Andrea Sorrentino’s (the artist) name comes before Jeff Lemire’s name on the cover, and for good reason. The world he’s created is one that springs off the page with depth and texture, the visual spatial awareness he controls is one that draws you into the mental state of the characters. I spent a few extra minutes adjusting the PDF “layout” so I could see his two-page panels breathe, and I’m glad I did. It’s beautiful, brilliant, and bold.
While Sorrentino continues to captivate, Lemire pulls his forefingers apart and lets the tapestry of this Chinese finger puzzle tighten its grip (which is a far more apt description than I intended it to be – you’ll understand after a certain exchange of dialogue). While the priest and Sheriff Clara try to put the pieces of the puzzle together that they discovered at the end of last issue, Dr. Angel Xu attempts to break Norton Sinclair out of a psychiatric ward. The dynamic between these pairs is interesting; while Xu has given in 100% to the reality of the existence of the Black Barn, Clara has not and continues to fight against the evidence that’s been piling up. Having one story be active and one be contentious is a really great way to tell this story. It allows us to see conflict move the story along in fresh ways making this a really involving read.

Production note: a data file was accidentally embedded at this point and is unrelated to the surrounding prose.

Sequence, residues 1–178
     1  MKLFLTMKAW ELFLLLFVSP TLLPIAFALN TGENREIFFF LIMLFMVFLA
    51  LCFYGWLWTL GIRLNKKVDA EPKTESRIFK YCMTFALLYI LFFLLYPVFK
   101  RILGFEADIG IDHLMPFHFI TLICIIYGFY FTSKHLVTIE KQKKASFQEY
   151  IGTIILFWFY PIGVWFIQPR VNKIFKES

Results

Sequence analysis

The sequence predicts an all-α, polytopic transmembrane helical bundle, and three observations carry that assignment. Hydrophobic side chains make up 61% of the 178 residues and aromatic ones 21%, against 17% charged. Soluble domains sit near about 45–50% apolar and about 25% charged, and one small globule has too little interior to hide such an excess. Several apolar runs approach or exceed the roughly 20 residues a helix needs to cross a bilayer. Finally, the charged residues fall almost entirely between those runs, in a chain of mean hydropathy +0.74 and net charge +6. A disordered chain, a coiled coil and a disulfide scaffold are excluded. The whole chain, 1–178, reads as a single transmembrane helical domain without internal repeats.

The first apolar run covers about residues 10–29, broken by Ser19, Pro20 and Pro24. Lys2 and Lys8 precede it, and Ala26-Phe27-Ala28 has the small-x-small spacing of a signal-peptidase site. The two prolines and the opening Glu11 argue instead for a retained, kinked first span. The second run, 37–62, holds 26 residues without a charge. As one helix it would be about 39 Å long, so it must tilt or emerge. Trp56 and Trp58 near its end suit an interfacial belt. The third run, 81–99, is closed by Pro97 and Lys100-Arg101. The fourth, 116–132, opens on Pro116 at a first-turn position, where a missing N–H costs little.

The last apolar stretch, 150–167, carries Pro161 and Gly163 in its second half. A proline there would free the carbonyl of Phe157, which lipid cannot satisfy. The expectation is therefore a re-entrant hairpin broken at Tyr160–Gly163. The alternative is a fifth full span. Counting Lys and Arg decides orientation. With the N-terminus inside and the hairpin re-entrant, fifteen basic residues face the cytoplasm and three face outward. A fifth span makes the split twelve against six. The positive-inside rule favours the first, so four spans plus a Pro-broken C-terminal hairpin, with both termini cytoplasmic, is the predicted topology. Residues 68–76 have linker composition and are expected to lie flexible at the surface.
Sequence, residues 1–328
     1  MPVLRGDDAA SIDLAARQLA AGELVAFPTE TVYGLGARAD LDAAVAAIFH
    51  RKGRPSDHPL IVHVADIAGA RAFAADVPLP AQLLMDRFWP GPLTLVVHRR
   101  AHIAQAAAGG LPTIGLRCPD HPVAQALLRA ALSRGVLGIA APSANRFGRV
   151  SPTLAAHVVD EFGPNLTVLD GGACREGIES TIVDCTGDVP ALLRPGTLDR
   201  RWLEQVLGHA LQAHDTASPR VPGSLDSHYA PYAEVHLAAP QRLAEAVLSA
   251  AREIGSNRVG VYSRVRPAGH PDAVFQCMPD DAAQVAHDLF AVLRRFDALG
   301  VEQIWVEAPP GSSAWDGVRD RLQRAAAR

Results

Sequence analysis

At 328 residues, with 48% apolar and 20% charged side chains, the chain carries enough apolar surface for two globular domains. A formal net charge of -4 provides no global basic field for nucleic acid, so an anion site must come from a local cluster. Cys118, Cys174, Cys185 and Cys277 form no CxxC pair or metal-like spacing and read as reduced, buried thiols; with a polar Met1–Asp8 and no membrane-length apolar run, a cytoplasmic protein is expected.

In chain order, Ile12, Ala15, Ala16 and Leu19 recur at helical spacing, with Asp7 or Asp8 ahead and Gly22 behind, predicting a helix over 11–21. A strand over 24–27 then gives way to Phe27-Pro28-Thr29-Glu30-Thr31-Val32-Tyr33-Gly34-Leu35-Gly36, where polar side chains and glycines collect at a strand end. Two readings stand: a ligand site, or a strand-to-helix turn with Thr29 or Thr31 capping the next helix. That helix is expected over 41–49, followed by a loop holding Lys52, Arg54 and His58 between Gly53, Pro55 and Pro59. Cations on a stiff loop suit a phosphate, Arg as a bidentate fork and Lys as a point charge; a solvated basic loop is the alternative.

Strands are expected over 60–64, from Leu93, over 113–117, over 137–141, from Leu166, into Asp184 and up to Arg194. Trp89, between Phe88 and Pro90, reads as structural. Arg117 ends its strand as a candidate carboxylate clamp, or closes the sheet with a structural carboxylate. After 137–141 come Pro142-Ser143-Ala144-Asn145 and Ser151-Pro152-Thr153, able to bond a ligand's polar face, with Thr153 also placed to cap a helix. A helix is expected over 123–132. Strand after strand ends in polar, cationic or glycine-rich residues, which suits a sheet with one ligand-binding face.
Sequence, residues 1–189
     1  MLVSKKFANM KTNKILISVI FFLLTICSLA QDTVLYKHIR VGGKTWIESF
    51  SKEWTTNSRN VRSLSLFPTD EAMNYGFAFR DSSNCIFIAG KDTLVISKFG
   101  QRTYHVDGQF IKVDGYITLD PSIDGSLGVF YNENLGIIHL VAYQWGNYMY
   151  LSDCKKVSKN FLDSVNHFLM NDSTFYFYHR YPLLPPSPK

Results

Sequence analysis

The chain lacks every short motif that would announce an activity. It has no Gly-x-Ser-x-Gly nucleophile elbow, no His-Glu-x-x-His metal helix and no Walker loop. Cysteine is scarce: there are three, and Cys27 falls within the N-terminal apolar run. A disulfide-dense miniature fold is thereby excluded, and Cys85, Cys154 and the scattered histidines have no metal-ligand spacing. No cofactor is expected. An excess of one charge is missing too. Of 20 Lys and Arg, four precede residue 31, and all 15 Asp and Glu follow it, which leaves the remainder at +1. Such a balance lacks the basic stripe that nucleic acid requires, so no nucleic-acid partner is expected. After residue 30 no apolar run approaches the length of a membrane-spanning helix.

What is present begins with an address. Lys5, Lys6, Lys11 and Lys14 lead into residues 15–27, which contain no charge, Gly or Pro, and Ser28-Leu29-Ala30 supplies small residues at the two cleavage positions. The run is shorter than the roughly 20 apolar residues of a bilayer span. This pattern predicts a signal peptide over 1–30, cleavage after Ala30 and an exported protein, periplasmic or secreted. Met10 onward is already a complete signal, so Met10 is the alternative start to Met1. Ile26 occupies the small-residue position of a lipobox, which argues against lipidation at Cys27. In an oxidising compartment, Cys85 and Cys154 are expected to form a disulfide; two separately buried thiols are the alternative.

Everything about this comic doesn’t only work but affects the reader on visceral and psychological levels. Even the covers, which are beautiful in their simplicity, involve the reader – like the characters in this book, looking for something barely seen . . . a shadow, a specter, an outline, a memory, something on the edge of imagination or a nightmare, or both. Gideon Falls is a place worth disappearing into.
Creative Team: Jeff Lemire (story), Andrea Sorrentino (art), Dave Stewart (colors), Steve Wands (letters), Will Dennis (editor)
Publisher: Image Comics
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